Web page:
In my last article on photographing winter landscapes article, I tried to list a few useful tips for capturing the beauty of a winter landscape. Since I promised to elaborate more on my post-processing technique later on, I would like to do that in this article. To get the unique look of some photos, I use a “negative clarity” method that emulates the very well-known Orton effect. For the classical Orton effect, Adobe Photoshop or any other software with layer functionality is needed. How can we achieve something similar in Lightroom that does not require working with layers? Please keep in mind that what I will describe here is not a complete post-processing workflow. The negative clarity method that I developed for myself is rather the finishing step in the editing process, which can give a distinctive atmosphere to your image. So how does it work?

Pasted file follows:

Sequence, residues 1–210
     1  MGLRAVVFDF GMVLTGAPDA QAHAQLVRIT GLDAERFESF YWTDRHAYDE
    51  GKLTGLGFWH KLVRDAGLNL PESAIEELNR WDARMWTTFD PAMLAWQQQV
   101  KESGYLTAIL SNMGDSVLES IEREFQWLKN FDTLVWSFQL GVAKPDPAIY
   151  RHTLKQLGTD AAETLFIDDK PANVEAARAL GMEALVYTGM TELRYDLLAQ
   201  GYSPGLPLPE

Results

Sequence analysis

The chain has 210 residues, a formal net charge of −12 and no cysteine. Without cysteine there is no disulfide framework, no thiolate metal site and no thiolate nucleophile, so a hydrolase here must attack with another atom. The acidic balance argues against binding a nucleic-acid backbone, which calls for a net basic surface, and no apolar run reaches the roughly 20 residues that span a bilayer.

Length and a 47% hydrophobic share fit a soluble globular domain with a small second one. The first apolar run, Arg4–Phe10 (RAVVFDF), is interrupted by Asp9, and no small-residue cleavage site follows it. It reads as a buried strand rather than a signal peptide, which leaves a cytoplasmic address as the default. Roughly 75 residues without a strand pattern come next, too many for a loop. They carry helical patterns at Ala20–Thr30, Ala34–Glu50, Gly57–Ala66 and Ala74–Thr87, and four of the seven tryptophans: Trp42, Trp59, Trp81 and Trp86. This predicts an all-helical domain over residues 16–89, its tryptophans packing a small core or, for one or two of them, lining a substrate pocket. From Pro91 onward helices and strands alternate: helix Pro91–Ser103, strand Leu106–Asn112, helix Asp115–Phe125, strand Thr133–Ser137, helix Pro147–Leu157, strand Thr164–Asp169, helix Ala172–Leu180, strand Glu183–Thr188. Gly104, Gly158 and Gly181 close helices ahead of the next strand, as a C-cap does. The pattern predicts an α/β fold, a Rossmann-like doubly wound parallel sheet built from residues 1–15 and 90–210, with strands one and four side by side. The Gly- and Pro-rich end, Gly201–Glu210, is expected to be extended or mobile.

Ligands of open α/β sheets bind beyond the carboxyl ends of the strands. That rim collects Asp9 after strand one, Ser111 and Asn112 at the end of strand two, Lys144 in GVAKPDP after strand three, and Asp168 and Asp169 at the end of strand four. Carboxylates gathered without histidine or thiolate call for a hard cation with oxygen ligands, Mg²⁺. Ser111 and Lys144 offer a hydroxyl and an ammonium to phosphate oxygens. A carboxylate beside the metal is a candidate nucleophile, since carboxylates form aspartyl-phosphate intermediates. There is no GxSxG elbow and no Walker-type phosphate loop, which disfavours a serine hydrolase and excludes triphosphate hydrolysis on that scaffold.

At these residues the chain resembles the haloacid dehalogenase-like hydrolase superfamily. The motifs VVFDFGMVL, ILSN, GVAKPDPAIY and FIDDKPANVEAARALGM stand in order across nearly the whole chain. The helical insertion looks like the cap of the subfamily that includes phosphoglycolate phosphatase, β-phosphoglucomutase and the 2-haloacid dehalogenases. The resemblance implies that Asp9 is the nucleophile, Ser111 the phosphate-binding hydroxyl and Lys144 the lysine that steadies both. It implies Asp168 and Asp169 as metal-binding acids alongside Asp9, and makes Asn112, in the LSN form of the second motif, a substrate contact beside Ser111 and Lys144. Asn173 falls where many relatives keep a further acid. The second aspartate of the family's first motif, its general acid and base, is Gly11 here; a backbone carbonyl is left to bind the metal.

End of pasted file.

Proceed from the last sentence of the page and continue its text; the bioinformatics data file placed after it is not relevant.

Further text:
The distinctive look is achieved by dialling a negative number in the clarity slider in Lightroom. Surprised? Well, before you think this cannot work, let me put a small disclaimer here: this post-processing technique is not suitable for all types of photographs. I would recommend it for landscapes with subtle colors and dreamy character. I particularly recommend this technique for photographs with lots of snow or white frost. But even then you need to test it and see whether it works for the particular image you are working on. Once you learn how it works, you can figure out within less than a minute if it is suitable to use or not. Lightroom is a powerful post-processing tool, since you can create virtual copies of your photos with different settings or work with snapshots.